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#175970 03/16/08 12:44 PM
Joined: Jul 2004
Posts: 9,668
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I had a strange thing today. My wife said she turned off the kitchen light and got shocked. I tried it and got the same thing. This is a Decora set in a stainless back splash. After verifying the bonding of the counter/back splash, GEC system and everything else I could think of I found out the "hot" part was the plastic paddle itself. HUH?

When the switch opens I get a tingle voltage on the white plastic. How can that be? My guess is somebody sprayed it with some conductive liquid but I am replacing the switch.
This is down stream of a functioning GFCI so it is a low current fault. It is still enough to get your attention.

Anyone seen anything like this?


Greg Fretwell
Joined: Aug 2007
Posts: 853
L
Member
Originally Posted by gfretwell
I had a strange thing today. My wife said she turned off the kitchen light and got shocked. .

Anyone seen anything like this?


This happend to me a few years ago, only different. My wife was shocked I actualy completed the lighting project!!!!:)

Seriously: Most likely a faulty switch, carrying thru the metal trim (frame) of the switch.
I would be more concerned with the GFI rec.Triple check all your bonding/GEC. Somthings amiss.

Not to go off topic but this is a good example of the ALL GFCI in commercial kitchens.

Joined: Mar 2004
Posts: 947
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twh Offline
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I've seen that sort of problem, in a different setting though.

It may have been the cleaner used on the back splash, or something that was on the back splash and was washed into the switch by the cleaner.

Grain dust is really conductive and will blow fuses when it gets on a circuit board. Have you been baking bread or making muffins?

twh #176063 03/19/08 07:13 AM
Joined: Mar 2005
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I was shocked thrice from a cheaply made delta 10" table saw. I couldn't figure it out- the shell was plastic, the switch was plastic, even the protective enclosure over the wiring was plastic. I was stumped! ...until I took it apart, that is. And discovered the screw holding the switch to the saw had somehow been driven straight through the black wire, piercing it but not breaking it, and I was inadvertantly brushing it as I flipped the switch. Delta sent me a new cord, but seemed otherwise unworried that a customer had recieved multiple shocks due to a manufacturing defect.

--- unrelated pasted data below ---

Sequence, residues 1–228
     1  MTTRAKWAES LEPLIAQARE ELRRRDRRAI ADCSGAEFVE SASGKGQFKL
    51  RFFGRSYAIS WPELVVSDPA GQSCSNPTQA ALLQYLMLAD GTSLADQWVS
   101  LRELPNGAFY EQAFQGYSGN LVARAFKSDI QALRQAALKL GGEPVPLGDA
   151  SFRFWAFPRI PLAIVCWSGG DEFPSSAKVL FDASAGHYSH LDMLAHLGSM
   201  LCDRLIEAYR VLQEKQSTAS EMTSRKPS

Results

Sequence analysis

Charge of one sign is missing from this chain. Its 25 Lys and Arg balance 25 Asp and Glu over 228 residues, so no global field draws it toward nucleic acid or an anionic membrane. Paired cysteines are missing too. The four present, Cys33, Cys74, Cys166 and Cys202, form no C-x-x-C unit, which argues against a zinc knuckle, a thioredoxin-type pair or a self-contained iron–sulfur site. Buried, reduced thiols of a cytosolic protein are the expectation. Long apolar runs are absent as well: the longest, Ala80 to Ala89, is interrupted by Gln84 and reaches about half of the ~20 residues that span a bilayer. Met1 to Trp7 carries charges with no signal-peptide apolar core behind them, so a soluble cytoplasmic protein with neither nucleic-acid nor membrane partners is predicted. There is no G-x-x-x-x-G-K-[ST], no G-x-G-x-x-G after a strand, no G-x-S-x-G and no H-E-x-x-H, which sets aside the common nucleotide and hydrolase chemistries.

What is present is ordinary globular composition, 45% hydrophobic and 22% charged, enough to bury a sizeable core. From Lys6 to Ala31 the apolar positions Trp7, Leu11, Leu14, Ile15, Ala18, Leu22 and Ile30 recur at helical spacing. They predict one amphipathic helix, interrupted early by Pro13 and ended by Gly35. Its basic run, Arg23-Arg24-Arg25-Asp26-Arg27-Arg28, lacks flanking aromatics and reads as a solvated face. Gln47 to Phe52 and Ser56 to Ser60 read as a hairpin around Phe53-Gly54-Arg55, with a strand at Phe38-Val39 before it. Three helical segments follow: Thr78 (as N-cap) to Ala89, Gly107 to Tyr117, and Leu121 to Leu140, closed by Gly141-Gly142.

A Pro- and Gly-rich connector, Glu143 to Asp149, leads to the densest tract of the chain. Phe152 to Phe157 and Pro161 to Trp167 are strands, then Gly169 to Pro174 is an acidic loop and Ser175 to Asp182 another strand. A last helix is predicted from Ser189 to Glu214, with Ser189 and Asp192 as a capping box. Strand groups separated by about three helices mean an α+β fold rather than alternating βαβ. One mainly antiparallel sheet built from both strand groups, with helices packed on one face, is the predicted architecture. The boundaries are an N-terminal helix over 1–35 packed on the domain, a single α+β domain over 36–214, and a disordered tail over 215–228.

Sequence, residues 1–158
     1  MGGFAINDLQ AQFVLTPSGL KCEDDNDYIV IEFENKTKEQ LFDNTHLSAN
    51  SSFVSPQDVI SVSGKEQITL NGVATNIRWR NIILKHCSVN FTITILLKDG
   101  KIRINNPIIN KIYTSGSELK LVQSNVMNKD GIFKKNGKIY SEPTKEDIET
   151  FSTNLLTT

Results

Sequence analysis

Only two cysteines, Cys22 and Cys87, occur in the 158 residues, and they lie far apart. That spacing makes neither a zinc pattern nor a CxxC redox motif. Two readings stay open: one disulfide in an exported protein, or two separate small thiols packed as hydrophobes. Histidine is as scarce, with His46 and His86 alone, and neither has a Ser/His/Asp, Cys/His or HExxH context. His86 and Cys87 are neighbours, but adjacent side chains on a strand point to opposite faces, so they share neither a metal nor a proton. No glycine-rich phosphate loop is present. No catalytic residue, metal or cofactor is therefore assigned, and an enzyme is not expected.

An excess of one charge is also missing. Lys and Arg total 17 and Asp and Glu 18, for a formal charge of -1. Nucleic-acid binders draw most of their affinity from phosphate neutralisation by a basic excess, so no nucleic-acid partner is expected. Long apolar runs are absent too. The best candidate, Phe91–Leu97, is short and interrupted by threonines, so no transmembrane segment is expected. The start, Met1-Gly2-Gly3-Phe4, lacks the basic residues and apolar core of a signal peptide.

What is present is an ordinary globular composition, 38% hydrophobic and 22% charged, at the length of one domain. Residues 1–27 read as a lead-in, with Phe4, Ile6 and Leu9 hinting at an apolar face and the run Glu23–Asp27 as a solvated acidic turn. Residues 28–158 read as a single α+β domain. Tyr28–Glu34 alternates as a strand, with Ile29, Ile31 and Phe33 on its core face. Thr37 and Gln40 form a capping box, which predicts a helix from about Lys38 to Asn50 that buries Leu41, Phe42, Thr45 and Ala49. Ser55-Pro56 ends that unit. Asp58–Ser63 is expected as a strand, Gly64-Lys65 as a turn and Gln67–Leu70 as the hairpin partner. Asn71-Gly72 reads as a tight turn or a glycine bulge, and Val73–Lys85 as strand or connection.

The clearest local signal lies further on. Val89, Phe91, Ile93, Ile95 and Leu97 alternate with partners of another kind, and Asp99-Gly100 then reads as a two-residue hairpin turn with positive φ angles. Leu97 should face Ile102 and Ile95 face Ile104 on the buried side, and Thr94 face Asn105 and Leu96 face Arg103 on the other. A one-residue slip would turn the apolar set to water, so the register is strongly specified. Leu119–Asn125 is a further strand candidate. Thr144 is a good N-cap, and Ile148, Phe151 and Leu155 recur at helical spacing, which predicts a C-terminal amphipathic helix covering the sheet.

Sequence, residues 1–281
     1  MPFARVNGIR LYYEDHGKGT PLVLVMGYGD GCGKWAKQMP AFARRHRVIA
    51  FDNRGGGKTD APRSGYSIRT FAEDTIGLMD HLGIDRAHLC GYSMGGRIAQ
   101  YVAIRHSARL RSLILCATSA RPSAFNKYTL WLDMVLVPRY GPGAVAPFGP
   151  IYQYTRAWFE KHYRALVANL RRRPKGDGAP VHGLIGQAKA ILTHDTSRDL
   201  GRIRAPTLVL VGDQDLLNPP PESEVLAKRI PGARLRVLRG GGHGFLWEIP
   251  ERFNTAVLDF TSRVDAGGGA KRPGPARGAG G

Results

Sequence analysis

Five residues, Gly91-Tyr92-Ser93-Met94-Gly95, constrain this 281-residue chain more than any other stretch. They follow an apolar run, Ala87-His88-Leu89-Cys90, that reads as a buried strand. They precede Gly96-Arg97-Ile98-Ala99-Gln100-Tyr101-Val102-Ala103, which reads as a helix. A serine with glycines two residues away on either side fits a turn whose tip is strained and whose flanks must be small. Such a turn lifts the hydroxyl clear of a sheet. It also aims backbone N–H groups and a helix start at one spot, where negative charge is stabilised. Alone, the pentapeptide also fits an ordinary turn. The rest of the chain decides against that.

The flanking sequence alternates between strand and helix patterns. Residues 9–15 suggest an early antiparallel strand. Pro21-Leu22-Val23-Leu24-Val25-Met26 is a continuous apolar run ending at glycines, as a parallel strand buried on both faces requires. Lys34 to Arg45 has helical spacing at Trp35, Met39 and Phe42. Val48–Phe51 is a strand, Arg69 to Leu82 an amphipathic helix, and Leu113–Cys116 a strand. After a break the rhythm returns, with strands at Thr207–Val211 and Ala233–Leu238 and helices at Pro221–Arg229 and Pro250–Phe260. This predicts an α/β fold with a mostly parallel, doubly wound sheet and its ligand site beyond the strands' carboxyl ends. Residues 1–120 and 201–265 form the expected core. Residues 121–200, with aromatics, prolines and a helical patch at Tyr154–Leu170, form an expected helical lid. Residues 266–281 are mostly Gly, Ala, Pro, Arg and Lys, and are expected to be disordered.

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I broke the Decora switch apart and I am still baffled. The metal parts are nowhere near the plastic paddle but that is definitely where the shock was coming from.
I am still stuck with the idea that someone sprayed a conductive liquid on the switch. I guess that's why they call it a backSPLASH.


Greg Fretwell
Joined: Oct 2007
Posts: 56
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...Or we could all be missing the most logical possibility. Maybe the laws of physics are changing, perhaps due to some cosmic alignment and plastics are becoming conductive? Beware your hair dryers and electric razors!


Shawn.

Joined: Jul 2002
Posts: 717
M
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Originally Posted by SP4RX
...Or we could all be missing the most logical possibility. Maybe the laws of physics are changing, perhaps due to some cosmic alignment and plastics are becoming conductive? Beware your hair dryers and electric razors!
Shawn.


It's a Chinese Goverment Plot- add uranium 235 to the plastic mold when producing decora switches to be sold to the Yankee devils. Uranium, being metallic will conduct and therefore not only shock us devils into submission, but give us radiation poisoning while doing so smile I'd get the Geiger counter out and test that switch......

Last edited by macmikeman; 03/21/08 03:51 AM.

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